So we talked about God making sense, and our faith being rational until we got to church.  And at church during the vigil, when we sang the Polyeleos we smiled at each other when we sang the line "To Him who by understanding made the heavens, for His mercy endureth forever, hallelujah hallelujah".

Wednesday, March 11, 2015

Being with the Boys

My ex-wife, Athanasia had to fly to Orlando for work for a few days.  So Sunday through Tuesday nights I stayed at her house with the boys.  

At lunch time on Sunday I picked the boys up and brought them to the YMCA where I work so they could go swimming while I finished the work day.  Then, after work we went grocery shopping and then back to their home.  When we got there the Icon corner was cluttered with other stuff, dust covered everything.  I set Basil Wenceslas to dusting and removing things that didn't belong, and Anselm Samuel was tasked with cleaning the lampada filling it with oil and replacing the wick. 

Once that was done we made supper together and ate it.  We played two fun games after supper.  The first, Ticket to Ride is one of the best board games I've ever played.  The second game, Bananagrams, was fun, too but it wasn't a fair game for an adult and children to play together. 

After the games we said evening prayers.  Basil was a little upset that we did the Lenten tones.  He didn't know it was Lent.  But when I explained it to him he was alright.  He quickly remembered the Lenten music and by the time we were finished he was chanting the responses with the correct music.  I've been sick since mid February (mostly better now) and have lost a lot of my hearing so I it was difficult for me to sing the prayers.  I was very glad when last night and this morning Anselm was able to lead and Basil was able to respond while I just stood and prayed before the Icons with them.

Each night after prayers we fell asleep listening to a recording of "An Irish Country Courtship".  I like the whole series.

I took Anselm to his swim team meeting.  It was fun watching him.  He's been swimming at the YMCA for years but I didn't know he was good enough to make the team.  He tried out for the team last week and was selected.  He's really good.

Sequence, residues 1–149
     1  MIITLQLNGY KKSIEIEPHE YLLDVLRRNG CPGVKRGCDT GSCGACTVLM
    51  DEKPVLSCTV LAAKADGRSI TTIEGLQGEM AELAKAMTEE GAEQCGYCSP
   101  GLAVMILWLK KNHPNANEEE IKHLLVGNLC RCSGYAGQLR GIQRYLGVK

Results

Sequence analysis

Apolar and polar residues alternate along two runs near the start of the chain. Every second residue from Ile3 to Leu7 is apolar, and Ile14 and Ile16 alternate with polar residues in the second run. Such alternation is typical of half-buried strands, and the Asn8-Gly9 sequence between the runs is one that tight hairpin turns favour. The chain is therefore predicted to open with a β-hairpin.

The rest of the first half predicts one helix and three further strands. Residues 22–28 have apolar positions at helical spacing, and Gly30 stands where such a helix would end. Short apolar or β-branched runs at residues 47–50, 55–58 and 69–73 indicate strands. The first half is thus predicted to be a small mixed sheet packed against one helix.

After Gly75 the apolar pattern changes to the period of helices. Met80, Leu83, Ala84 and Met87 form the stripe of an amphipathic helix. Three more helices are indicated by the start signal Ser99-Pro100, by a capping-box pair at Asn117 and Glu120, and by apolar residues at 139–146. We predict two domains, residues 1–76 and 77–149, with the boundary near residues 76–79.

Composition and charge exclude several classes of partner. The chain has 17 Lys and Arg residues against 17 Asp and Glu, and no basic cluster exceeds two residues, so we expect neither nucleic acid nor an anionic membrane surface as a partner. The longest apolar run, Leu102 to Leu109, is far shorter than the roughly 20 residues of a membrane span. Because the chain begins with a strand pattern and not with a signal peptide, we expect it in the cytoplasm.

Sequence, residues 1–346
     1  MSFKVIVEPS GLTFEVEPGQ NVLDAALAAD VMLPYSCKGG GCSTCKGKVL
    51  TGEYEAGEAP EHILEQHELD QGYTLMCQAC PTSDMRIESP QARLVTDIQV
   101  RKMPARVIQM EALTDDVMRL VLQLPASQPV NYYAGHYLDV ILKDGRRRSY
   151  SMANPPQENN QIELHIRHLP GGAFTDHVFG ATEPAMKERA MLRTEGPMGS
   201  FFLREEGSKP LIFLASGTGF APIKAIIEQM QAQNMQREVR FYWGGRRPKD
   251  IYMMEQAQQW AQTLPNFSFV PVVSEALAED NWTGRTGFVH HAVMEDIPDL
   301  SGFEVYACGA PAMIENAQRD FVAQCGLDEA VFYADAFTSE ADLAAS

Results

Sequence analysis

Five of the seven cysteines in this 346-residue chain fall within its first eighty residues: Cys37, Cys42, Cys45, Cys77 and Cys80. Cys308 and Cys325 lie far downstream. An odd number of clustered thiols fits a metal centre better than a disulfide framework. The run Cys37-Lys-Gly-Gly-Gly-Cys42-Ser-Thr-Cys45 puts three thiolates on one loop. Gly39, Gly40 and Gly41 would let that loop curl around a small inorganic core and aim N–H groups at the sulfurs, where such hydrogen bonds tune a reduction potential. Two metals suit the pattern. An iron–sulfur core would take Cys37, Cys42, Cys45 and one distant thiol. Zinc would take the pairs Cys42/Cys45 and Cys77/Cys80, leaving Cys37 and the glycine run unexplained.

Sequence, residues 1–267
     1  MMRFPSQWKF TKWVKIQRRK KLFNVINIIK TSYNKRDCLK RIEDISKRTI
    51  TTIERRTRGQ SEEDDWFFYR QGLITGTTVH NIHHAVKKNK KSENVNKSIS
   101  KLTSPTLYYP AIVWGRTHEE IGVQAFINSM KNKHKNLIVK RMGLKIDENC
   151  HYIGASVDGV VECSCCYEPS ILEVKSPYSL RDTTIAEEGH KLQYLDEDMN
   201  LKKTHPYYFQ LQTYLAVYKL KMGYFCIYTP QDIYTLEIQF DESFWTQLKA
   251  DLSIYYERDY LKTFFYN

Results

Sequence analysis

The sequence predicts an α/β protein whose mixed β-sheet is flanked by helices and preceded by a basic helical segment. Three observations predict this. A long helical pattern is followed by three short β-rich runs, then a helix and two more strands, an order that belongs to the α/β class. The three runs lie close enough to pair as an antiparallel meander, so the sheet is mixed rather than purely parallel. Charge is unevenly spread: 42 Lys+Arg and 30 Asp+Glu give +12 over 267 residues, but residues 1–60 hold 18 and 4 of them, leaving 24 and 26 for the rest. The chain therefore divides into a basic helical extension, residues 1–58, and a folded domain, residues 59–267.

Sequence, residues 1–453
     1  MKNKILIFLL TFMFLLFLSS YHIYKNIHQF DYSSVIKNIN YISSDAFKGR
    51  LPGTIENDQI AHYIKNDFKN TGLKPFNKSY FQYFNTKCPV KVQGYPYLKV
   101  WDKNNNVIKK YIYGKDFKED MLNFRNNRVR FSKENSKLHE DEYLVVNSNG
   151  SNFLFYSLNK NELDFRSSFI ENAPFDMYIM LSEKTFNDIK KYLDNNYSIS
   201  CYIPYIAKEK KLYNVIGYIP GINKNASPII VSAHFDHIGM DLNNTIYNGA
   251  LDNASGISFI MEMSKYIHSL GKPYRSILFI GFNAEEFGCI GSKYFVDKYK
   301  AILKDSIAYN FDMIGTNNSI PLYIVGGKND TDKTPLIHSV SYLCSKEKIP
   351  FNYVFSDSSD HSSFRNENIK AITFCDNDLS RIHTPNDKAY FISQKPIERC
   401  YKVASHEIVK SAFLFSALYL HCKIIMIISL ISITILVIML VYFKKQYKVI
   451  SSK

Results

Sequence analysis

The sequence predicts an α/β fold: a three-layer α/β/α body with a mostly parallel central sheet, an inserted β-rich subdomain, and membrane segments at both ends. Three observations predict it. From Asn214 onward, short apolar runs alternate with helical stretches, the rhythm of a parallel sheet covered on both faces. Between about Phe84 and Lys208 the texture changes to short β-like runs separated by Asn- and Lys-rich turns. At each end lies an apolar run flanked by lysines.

This morning, after I dropped Anselm off at his school, Basil asked me what my favorite holiday is.  I said, "Well, that's a difficult question to answer.  I really like St. Patrick's day when Anslem and I made the book about St. Patrick and you and I made soda bread and we all prayed that prayer written by St. Patrick.  And I like Christmas when we read the books all Advent and go to church on Christmas and we cook the sausage we ground and stuffed ourselves.  And I like Thanksgiving when your mom cooks the best turkey and we go to the Cathedral in San Francisco.  And I like Pascha.  We always make the Paskha and Kulich. Do you remember the year we took the train to San Francisco, walked through the tunnel, bought BBQ pork buns in Chinatown on the way to the hotel, and then shared them with everyone after the liturgy?" 

Then Basil leaned over, put his head on my arm and said, "I love you, Dad."

I loved being with my boys the past few days. 

Friday, March 06, 2015

A log near the fire

I haven't been to church since Christmas.  I work every day.  Also, I haven't been reading or praying as a Christian should.  I didn't think about it much, and certainly didn't think it would be a problem.  But a few days ago I read something in a British newspaper that rattled my faith.  I began to have serious doubts about whether or not God exists, whether or not Jesus really did all the things reported in the Gospels, whether of not there is life after death.  It would be difficult to describe how alarmed I was by these thoughts. 

The last couple of weeks I have been sick.  Yesterday I was even too sick to go to work.  I just remained in bed and listened to Ancient Faith Radio.  My doubts are gone now.   

This experience reminded me of something my Dad said in a sermon many years ago.  He as preaching on "forsake not the assembling of yourselves together" and said that a log pulled away from the other logs in a fire will soon stop burning; the logs need each other to burn hot.

I will be so glad when I can quit one of my jobs and start going to the services again.

Saturday, January 03, 2015

A Christmas Book Recommendation

In the past I used to read to my sons during Advent and Christmas.  Due to my work schedule and not living with my sons I wasn't able to do much of that this year.  But if I had been able to I would haves read this book to them.  It is a beautiful story about a woman and a boy who plant and work on a Christmas tree farm.  Combines two of my favorite things: Christmas and farming.